Kong: Skull Island

KONG: SKULL ISLAND

Kong: Skull Island is a massively budgeted resurrection of familiar property designed as part of a universe-building series, and it boasts pricey visuals, earth-shaking sound, remedial plotting, cornball humor, talented leads giving paycheck performances ... . Oh, God. Is it summer already? What the hell happened to spring?!

That we live in blockbuster season all year ’round is, of course, hardly a new idea. But you won’t find any new ideas in this King Kong reboot, either – a busy and bloated popcorn entertainment so by-the-numbers that watching it is like playing a particularly dreary game of Action-Franchise Bingo. (A winking reference to a previous blockbuster? Got it! The dropping of one, and only one, F-bomb? Got that, too! Samuel L. Jackson? BINGO!) The film’s lone nod to invention may be its 1973 setting, which eliminates all traces of high-tech apparatus despite not adding a whiff of period to the performers’ modern readings and bearing. Even this, though, turns the experience into more of a yawn than it should have been. With its jungle locales and heavy mist and terrified grunts, we get that the movie is deliberately echoing – and sometimes blatantly stealing from – Vietnam War sagas such as Platoon and (especially) Apocalypse Now. Did we still need quite so much CCR and Jefferson Airplane on the soundtrack? Are none of these characters Carpenters fans?

Skull Island’s paltry, meaninglessly symbolic narrative sends a team of Army troops, high-ranking military personnel, and the requisite beautiful white headliners to a recently discovered Pacific isle that John Goodman’s chief investigator calls “a place where myth and science meet.” (The film opens with Goodman seeking governmental funding for the mission, giving his Nixon-era figure the chance to also say, “Mark my words: There’ll never be a more screwed-up time in Washington.” Ha ha. It’s funny ’cause it’s not true.) From the moment they arrive, however, the story could hardly matter less. And most viewers could hardly want it to, given the seemingly indisputable fun of watching panicked masses besieged by enormous lizards, spiders, pterodactyls, and an ape who once climbed the Empire State Building and is now roughly the size of the Empire State Building.

Some of this is fun. That spider’s first appearance, for instance, delivers a nasty jolt, and there’s a great, giggly scene of Kong wrestling a gargantuan octopus and slurping its tentacles down like spaghetti noodles. Jordan Vogt-Roberts, meanwhile, provides some much-needed poetic imagery via a behemoth water buffalo and Kong’s hand scooping Brie Larson out of the water, even if this young director doesn’t yet display anything in the way of a distinctive style or point-of-view. (Vogt-Roberts, whose only other feature was 2013’s The Kings of Summer, joins Jurassic World’s Colin Trevorrow and Fantastic Four’s Josh Trank as barely tested indie-flick helmers plunked into blockbuster terrain clearly before they were ready for it.) Yet those are only intermittent pleasures, and the movie craps out on giving us a sustaining one, because it turns out that King Kong, for no fathomable reason, is little more than an afterthought in his own star vehicle.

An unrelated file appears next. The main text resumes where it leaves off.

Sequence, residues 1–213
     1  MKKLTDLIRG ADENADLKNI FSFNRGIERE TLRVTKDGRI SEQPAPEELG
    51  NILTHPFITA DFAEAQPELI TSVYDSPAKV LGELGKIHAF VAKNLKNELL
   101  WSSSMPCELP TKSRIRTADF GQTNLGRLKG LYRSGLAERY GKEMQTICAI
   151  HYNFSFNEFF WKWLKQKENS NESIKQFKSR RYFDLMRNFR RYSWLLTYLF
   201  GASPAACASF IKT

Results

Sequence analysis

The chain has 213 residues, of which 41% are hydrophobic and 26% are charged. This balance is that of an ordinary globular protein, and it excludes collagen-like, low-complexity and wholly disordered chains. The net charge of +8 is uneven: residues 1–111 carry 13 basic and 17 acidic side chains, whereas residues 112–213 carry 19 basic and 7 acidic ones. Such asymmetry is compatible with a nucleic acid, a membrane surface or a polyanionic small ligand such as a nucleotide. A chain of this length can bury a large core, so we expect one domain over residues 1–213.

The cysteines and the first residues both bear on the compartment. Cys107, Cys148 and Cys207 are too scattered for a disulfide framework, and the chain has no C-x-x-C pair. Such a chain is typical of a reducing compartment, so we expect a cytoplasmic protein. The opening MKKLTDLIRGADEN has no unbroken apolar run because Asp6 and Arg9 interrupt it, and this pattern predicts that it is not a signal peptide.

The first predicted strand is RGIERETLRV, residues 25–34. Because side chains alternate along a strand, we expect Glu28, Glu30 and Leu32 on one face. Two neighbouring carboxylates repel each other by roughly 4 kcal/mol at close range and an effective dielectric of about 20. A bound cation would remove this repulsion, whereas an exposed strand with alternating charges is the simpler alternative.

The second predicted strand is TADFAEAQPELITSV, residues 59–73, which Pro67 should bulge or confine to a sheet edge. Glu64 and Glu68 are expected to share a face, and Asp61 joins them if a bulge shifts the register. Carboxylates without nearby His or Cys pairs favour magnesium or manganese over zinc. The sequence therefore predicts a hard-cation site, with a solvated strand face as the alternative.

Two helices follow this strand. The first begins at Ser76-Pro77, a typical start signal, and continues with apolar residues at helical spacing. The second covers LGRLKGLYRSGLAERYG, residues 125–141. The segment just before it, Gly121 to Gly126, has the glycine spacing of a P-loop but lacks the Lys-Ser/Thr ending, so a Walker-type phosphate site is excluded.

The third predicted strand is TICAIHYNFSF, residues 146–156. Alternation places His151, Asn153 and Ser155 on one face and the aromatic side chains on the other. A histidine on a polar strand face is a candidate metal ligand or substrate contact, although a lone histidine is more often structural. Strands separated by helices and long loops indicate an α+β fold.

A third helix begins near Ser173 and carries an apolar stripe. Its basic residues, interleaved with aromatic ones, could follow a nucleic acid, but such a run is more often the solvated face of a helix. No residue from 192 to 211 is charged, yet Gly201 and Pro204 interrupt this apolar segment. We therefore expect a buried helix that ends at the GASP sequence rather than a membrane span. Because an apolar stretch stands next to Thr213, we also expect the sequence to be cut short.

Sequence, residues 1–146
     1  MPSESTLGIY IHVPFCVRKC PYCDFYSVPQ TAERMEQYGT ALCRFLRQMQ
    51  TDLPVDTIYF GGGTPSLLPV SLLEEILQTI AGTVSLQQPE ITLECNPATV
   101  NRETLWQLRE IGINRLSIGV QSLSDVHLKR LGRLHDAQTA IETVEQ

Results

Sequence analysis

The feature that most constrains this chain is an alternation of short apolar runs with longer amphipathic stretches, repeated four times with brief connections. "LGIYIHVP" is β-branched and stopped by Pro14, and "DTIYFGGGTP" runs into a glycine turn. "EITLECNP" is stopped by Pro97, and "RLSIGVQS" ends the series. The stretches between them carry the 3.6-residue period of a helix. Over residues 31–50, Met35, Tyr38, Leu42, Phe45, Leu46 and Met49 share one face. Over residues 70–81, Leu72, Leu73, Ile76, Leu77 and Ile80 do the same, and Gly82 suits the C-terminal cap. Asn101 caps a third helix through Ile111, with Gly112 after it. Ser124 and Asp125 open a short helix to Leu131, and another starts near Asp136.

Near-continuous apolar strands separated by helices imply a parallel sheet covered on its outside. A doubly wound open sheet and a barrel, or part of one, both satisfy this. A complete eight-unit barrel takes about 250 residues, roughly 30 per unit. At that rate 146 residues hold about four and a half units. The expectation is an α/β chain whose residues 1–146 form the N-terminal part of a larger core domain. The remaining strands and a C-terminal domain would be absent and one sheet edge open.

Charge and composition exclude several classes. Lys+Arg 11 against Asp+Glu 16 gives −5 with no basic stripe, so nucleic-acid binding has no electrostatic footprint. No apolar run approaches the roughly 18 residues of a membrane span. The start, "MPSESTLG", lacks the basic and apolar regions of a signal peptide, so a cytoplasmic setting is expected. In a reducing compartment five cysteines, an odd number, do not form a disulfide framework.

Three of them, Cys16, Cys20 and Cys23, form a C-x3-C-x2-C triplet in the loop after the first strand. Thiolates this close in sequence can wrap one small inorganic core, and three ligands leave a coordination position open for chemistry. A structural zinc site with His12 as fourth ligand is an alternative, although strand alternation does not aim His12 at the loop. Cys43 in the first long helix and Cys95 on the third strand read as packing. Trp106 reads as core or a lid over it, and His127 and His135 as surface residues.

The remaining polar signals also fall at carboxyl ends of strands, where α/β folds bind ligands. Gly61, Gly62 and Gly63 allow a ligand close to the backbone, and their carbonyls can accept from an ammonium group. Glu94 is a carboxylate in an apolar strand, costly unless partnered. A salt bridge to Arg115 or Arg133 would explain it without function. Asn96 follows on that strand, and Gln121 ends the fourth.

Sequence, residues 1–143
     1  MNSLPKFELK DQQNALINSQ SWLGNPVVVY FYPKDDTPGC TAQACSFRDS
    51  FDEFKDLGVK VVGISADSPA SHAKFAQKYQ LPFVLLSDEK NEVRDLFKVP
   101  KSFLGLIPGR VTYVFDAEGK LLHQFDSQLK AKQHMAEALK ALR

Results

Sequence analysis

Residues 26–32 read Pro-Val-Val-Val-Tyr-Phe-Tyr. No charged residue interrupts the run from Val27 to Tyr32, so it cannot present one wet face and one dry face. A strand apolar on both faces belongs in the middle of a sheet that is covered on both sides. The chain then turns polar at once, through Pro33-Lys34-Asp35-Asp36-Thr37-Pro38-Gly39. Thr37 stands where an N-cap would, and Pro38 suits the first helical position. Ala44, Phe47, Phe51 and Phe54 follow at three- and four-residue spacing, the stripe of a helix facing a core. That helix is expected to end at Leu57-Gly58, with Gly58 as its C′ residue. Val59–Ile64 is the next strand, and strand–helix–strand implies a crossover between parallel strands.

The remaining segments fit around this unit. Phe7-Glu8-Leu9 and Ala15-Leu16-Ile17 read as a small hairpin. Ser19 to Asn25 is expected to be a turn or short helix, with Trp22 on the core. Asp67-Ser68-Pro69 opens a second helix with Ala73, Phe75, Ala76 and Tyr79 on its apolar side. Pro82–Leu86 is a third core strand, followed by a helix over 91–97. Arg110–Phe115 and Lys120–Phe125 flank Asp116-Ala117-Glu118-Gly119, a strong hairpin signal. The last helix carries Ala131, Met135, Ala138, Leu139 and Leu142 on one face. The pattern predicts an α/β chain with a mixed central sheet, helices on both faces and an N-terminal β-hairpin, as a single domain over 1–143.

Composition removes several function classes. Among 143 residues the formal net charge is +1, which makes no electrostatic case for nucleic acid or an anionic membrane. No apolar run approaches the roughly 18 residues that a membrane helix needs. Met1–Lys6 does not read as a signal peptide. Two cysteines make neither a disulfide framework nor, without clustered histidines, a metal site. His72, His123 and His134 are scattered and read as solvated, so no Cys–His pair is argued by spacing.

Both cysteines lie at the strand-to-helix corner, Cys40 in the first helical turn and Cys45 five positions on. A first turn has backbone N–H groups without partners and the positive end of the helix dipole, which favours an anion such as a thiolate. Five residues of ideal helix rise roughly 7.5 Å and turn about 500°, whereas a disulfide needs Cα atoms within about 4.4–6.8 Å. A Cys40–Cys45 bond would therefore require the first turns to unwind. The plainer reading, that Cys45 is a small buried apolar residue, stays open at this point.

Tom Hiddleston and Brie Larson in Kong: Skull Island

It’s unfortunate enough that there’s so much time and thuddingly obvious dialogue granted to Skull Island’s central humans. Though top-billed in the credits, Tom Hiddleston emerges as maybe the 11th or 12th most engaging person around; Larson has apparently mistaken green-screen acting for an eye-popping contest she’s desperate to win; and Jackson’s predictable glowers, threats, and rants would feel lazy even if he weren’t, for cheap laughs, also regurgitating his most famous line from Jurassic Park and chiding Larson with an anachronistic “Bitch, please!” (The supporting performers fare better: John C. Reilly is enjoyable in the charming-whack-job mode of Apocalypse Now’s Dennis Hopper, and the invaluable Shea Whigham is an archly gruff comic, and even gets to be truly moving – for all of two seconds.)

But while Kong may be King here, he’s also just a really big prop. Gone is any sense of fascination/attraction between the ape and our heroine – what beauty-and-the-beast connection they do share is strictly perfunctory – and although he grimaces and roars with pixelated fervor, we’re never given reason to care about this hairy brute; attributes such as curiosity, cheekiness, and empathy appear quite out of his wheelhouse, or perhaps those of his animators. (Rarely have I so missed Andy Serkis.) When, at the climax, King Kong finally takes on King Lizard – and we only know that latter creature is the island’s “big one” because Reilly helpfully tells us – you can be impressed by the visuals and still not care one iota about the fight itself. It’s like watching hunks of metal lay waste to each other in a Transformers movie.

Beat for beat, Kong: Skull Island is just an expensive going-through-the-motions endeavor, and an only randomly diverting one, that couldn’t appear less interested in elements such as personality or soulfulness or surprise. And if that colon in the title didn’t already give things away, it likely won’t be the last of its formulaic kind: Godzilla vs. Kong is already slated for 2020. It should come as no shock that this reboot doesn’t give us the tragic ending of previous Kongs – not when there’s franchise-extending to market and sequel money to be made. But I still hoped for something out of the ordinary from material so predisposed toward screen magic. At one point, following an early monster attack, Whigham shakes off the experience with a bone-dry “Well, that was an unconventional encounter.” The line gets a laugh, but man – if only the film itself were.